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The summer heat can be stifling for both dogs and humans. And when we lose power, it is not only stressful on our own bodies but on our dogs’ as well. There are a few steps you can take to keep your dog (and you!) safe and cool in extreme heat.

Most Dogs Aren’t Built for Heat

Most breeds are built to conserve rather than dissipate heat. They don’t have sweat glands, and most of their body is wrapped in fur with little or no exposed skin. As a result, they lose heat through the pads of their feet and through their mouths by panting.

Australian Shepherd puppy looking out the window waiting.
Mark Herreid/Shutterstock

While sunscreen is important for all dogs, some breeds need special consideration when it comes to the sun. For example, white or fine-coated breeds, like Bull Terriers and Greyhounds, are especially vulnerable to sunburn, while the black coats of dogs like the Schipperke absorb heat, adding to the danger of overheating and heatstroke.

Keep Water Available

How to Help a Dog Cool Down

Along with plenty of cool water, the most important thing to do to keep a dog cool is to stay indoors or in the shade. If your air conditioning turns off on an extra-hot day (and you can’t get it back on), go to the coolest area of the house you can, such as the basement. If possible, stay at a friend’s house until your air conditioning is restored. There are other ways you can relieve your dog from the heat by having dog cooling supplies on hand in advance, such as:

  • Battery-operated fan
  • Cool cloths made of chamois, like those used to dry cars at a car wash. If this happens at a dog show, put a moist chamois on your dog’s back without getting them too wet, take it off, and present them to the judge, who probably will only feel a tiny bit of dampness when going over the dog. If you keep your cool cloth in a cooler, don’t put it directly into the ice. You don’t want to put anything ice-cold onto a dog, because that shrinks the blood vessels and actually generates more internal heat.
  • Cooling vest, which deflects the heat and cools the dog through evaporation
  • Cooling crate pad or a cold, wet towel that you can spread out for your dog to lie on. You can also have them stand on a damp towel to help their paw pads release heat.
  • Rubbing alcohol, which you can dab behind your dog’s ears, on their stomach, or on their paws. Rubbing alcohol cools faster than water and can draw out heat.
  • Spray bottle filled with cool water. Spray the underside of their body that’s not exposed to the hot sun (such as the groin area, where the hair is less dense), the bottoms of their feet, and inside their mouth.
  • Rectal thermometer with lubricant. Your dog’s temperature shouldn’t rise above 102.5 degrees Fahrenheit, which is the high end of normal.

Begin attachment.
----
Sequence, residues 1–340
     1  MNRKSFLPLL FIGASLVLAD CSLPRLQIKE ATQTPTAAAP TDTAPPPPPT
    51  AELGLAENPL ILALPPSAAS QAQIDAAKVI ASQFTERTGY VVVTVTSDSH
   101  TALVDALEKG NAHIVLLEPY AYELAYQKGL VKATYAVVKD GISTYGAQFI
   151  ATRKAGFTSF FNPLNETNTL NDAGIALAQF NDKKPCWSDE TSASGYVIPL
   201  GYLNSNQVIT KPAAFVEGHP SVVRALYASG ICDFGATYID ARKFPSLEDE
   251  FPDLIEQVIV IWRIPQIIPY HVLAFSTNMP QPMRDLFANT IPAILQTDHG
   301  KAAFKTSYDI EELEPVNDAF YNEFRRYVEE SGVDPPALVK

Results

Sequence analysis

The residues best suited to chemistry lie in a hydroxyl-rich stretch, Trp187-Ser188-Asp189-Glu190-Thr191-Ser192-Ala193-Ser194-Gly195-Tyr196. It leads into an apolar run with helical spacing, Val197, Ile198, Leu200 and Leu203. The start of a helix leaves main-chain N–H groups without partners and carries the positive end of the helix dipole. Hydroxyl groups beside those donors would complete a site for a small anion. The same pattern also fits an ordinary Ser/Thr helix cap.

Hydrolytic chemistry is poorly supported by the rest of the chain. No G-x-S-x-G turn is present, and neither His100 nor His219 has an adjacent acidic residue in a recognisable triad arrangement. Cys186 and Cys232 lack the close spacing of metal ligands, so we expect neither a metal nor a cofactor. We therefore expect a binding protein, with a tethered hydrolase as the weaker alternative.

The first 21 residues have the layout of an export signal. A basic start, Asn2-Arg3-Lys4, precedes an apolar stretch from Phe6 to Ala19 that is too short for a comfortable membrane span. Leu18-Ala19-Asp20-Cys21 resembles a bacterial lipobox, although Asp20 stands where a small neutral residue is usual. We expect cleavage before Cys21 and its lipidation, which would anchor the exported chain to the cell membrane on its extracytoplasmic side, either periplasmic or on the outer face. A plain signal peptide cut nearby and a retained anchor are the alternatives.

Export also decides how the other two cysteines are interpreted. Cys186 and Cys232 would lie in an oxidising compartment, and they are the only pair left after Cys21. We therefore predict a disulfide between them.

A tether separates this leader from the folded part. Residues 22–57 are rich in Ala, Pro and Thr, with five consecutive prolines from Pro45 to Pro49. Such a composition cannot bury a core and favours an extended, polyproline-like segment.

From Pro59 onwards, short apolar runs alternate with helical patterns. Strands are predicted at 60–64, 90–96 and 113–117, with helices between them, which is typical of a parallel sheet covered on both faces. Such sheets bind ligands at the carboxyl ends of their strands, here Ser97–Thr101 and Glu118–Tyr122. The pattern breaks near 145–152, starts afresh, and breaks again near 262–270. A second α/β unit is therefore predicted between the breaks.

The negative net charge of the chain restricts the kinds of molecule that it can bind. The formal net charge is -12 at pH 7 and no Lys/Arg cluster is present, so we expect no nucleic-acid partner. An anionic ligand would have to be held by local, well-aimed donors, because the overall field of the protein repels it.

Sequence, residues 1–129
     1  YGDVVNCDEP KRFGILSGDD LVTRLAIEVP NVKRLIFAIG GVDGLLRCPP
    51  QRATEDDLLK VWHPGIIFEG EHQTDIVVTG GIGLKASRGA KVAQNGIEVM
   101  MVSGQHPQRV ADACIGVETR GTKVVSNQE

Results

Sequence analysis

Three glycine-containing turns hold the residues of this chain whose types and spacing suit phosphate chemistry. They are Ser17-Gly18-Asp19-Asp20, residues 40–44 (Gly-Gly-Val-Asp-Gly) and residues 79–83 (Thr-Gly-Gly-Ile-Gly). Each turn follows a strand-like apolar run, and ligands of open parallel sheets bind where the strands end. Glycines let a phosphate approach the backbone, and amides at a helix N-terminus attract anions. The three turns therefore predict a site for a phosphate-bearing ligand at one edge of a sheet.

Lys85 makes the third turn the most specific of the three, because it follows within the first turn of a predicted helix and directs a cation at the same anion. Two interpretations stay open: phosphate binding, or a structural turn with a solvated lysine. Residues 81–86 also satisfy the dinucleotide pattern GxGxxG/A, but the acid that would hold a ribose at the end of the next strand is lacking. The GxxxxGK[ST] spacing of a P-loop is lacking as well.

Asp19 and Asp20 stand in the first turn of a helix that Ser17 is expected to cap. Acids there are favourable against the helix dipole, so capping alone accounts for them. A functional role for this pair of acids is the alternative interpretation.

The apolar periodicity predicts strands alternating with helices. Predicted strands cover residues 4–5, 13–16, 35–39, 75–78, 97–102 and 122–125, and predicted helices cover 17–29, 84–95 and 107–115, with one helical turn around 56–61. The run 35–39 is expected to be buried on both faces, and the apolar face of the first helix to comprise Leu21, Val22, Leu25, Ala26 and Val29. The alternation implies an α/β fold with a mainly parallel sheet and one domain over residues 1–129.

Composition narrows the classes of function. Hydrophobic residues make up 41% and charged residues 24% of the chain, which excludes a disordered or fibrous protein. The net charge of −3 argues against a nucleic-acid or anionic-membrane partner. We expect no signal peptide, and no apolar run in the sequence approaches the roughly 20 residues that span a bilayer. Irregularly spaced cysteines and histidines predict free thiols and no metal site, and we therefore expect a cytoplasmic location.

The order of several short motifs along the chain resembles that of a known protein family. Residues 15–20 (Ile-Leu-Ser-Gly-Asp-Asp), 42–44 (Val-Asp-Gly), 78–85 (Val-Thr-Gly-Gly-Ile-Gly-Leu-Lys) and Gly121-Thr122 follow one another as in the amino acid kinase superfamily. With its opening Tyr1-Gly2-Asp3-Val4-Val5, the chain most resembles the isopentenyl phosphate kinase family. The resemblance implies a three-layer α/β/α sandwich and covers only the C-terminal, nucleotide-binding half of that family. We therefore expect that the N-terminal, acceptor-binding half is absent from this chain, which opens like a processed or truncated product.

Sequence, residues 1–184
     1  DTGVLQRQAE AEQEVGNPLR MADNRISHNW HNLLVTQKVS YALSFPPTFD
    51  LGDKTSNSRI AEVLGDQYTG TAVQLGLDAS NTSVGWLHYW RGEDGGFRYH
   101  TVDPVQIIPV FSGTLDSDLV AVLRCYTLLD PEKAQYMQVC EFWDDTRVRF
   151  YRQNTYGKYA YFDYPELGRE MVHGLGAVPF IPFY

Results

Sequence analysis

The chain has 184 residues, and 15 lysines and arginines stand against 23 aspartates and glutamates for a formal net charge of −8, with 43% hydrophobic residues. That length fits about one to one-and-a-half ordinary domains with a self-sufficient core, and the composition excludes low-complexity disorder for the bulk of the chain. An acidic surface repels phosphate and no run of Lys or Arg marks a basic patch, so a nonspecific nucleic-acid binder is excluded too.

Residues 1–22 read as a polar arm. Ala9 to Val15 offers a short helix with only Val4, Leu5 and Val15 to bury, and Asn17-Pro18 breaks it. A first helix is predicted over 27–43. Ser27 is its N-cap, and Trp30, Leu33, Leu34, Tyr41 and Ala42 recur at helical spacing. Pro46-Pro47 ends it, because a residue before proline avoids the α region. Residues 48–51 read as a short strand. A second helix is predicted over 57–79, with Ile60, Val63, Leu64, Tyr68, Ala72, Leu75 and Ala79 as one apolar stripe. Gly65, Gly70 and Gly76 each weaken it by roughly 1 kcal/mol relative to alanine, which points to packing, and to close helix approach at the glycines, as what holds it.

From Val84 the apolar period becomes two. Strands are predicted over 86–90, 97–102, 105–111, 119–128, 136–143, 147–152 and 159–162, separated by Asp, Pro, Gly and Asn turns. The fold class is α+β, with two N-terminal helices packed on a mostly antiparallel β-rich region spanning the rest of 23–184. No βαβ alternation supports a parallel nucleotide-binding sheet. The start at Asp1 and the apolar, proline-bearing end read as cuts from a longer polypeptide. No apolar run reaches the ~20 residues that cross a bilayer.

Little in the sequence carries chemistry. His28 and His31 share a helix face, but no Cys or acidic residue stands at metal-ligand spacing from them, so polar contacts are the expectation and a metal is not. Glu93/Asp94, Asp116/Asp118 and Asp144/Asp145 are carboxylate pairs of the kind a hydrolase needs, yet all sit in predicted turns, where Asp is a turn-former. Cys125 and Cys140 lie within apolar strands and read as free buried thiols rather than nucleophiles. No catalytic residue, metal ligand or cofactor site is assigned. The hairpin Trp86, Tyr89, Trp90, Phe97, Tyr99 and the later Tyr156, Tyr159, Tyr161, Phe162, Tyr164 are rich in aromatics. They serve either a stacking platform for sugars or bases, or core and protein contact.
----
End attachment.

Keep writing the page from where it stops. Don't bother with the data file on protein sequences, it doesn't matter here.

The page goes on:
• Unflavored pediatric electrolyte solution for the dog to drink if they get dehydrated
Funny portrait of a welsh corgi pembroke dog after a shower wrapped in a towel. Dog taking a bubble bath in grooming salon.
©Irina -

Signs of Heatstroke

In spite of your best efforts, your dog could develop heatstroke. Here are the symptoms:

  • Unusual breathing (rapid and loud)
  • High rectal temperature (103 degrees Fahrenheit or higher)
  • Extreme thirst
  • Weakness and/or fatigue
  • Frequent vomiting
  • Disorientation
  • Dark or bright red tongue and gums
  • Skin around the muzzle or neck doesn’t snap back when pinched (dehydration)
  • Difficulty breathing
  • Thick saliva
  • Rapid heartbeat
  • Heavy drooling
  • Agitation

If you suspect that your dog is overheated, immediately take them to a cooler area or to the vet. Once in a cool room, separate their fur with your fingers so the cool air can penetrate the skin.

To cool your dog down as quickly as possible, pour cool water over their head and body, gently hose a very gentle stream of cool water over them, or, where possible, submerge them in a tub of cool water.

Even if your dog seems stable, it’s a good idea to take them to the nearest vet for evaluation and treatment if necessary.

This article is intended solely as general guidance, and does not constitute health or other professional advice. Individual situations and applicable laws vary by jurisdiction, and you are encouraged to obtain appropriate advice from qualified professionals in the applicable jurisdictions. We make no representations or warranties concerning any course of action taken by any person following or otherwise using the information offered or provided in this article, including any such information associated with and provided in connection with third-party products, and we will not be liable for any direct, indirect, consequential, special, exemplary or other damages that may result, including but not limited to economic loss, injury, illness or death.

Related article: Heatstroke in Dogs: Signs, Symptoms, Treatments
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